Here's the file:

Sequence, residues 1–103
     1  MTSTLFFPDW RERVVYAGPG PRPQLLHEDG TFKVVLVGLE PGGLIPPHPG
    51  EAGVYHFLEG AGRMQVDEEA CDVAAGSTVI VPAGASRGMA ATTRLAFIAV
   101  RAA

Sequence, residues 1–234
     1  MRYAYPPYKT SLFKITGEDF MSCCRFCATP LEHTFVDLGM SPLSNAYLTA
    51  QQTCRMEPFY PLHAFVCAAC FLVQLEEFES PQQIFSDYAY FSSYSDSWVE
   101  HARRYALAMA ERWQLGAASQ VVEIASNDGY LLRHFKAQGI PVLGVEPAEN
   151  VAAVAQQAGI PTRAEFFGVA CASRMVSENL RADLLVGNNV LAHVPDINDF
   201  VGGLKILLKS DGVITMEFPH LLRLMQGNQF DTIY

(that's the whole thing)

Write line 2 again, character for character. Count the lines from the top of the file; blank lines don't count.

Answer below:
     1  MTSTLFFPDW RERVVYAGPG PRPQLLHEDG TFKVVLVGLE PGGLIPPHPG